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Industry Insight

BoSacks Speaks Out: DMA To Fed: Don't Ask Me About My Business

You can draw your own conclusions here about what constitutes "

By Bob Sacks
Published: August 15, 2012

You can draw your own conclusions here about what constitutes "sensible and realistic business practices" or out and about abuse of privileges and responsibilities. I expect to receive some serious heat for my stated position below.

Here is the story, the DMA responded to a letter from the government with the following statement:

"DMA is concerned that your letters (from the government) appear to question legitimate commercial data practices that are essential to America's job creation, economic growth, and global leadership,...

They go on to suggest that:

DMA reiterated its support for industry self-regulation as the most efficient and effective means to address any privacy concerns raised by marketing uses of data.

Is there anyone out there that is not pleased as punch to have the Do Not Call and the Do Not Mail programs in effect? Industry self-regulation is only effective if there is actually industry self-regulation. There is more data being collected now than ever before. The data collection is increasingly more personal with the collectee not knowledgeable of the process or the collection. I deem it a human right, as much as it is possible, to have your personal life actually personal, even in the digital 21st century. And, NO, I do not trust the DMA to be the arbitrator of what is personal and what is not. I do not and will not give the DMA the authority to send information about my unsuspecting children and grandchildren to the marketers of the free world.

Free commerce and capitalism is one thing and intrusion is another. I do recommend stringent rules and third party oversight. If the third party has to be government, I deem that better than an internal DMA committee. The abuse of big data collection is yet in its infancy. I don't dispute that it's happening, but I recommend strongly that there needs to be sensible control for the protection of everyone, even businesses.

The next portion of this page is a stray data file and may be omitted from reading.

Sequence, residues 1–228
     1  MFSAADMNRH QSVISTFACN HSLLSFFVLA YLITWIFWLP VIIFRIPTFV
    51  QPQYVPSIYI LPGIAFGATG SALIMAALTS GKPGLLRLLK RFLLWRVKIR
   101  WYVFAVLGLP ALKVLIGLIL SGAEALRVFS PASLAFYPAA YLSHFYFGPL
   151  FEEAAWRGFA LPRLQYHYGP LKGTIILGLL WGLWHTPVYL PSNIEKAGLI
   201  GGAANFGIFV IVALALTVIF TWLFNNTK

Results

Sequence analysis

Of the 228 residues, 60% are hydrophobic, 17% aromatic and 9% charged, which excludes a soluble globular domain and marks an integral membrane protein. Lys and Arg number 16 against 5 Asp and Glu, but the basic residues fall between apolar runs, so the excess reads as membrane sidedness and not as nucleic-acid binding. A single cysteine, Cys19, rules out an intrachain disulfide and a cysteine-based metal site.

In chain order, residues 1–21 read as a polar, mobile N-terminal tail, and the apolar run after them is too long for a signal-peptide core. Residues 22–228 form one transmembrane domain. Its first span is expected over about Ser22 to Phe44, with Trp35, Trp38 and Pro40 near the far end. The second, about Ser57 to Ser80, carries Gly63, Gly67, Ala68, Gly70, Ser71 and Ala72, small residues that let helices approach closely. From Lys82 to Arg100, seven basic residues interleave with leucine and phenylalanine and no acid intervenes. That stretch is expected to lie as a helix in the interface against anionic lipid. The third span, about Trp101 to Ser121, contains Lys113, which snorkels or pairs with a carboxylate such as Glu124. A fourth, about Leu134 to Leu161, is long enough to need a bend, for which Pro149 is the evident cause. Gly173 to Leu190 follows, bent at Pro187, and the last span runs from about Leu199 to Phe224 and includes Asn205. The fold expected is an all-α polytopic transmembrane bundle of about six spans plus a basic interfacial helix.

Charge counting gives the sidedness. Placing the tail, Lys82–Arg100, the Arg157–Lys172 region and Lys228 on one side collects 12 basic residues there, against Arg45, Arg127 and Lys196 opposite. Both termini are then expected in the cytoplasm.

By Chuck Gehman on Aug 16, 2012

I think Do Not Call is a great idea, and should continue to evolve as technology moves forward. Unwanted calling is a real time intrusion, and all calling should be "opt-in", i.e., the default should be "do not call".

However, I am not "pleased as punch" about Do Not Mail-- quite the contrary, I think it is idiotic.

If someone wants to spend the money to print materials and mail them to me, I say "All Power to Them". They are helping the economy on many levels by doing this and it should be encouraged.

I don't see it as an imposition on me to take 2 seconds and throw the materials in the recycling bin if I'm not interested. Probably 9 times out of 10 I will take 1 second and glance at them to see they are interesting, and sometimes they are.

I have received a beautiful albeit unsolicited 600 page catalog from Restoration Hardware that probably cost $10-15 (all in) to put in my hands. I like getting things like that.


By Eric Vessels on Aug 16, 2012

Couldn't you make the same arguments relative to the economy about calling operations or is that all offshore now? I find it interesting the different ways we view different unsolicited media, industry bias notwithstanding.

We have found ways to nearly rid ourselves of email spam, absolutely hate unsolicited phone calls, but tolerate relatively well unsolicited mail.

I'm pretty much spam free and try to maintain my subscriptions so that they are meaningful and useful. I've essentially rid myself of unsolicited calls (almost) by getting rid of my land line. I'm sure they'll figure out how to move to cell phones eventually. I'm like you with mail. I just walk from mailbox to garage, deposit any unwanted items in recycling, and sit the good mail on the counter. I'm not too annoyed by this.

I also get that Restoration Hardware catalog, which is pretty awesome!


By Stephen Eugene Adams on Aug 16, 2012

Bob, I will try and address the point you are making. I, too am worried about my privacy and how the industry is, or is not, addressing the issue. If we want to self-regulate, then we should set up an entity responsible for making the rules. We cannot let every email marketer, auto response collector decide what is best. I don't want to worry about whether every link I click is going into some database to be used in the future to market to me. Facebook has tried this and keeps getting slapped down.


By Gary Larivee on Aug 22, 2012

Personally I find it much more offensive when somebody in a pick up truck is at a stop street 100 yards away and his radio is so loud my windows are rattling than maybe having to throw something in the recycle box that I am not interested in.


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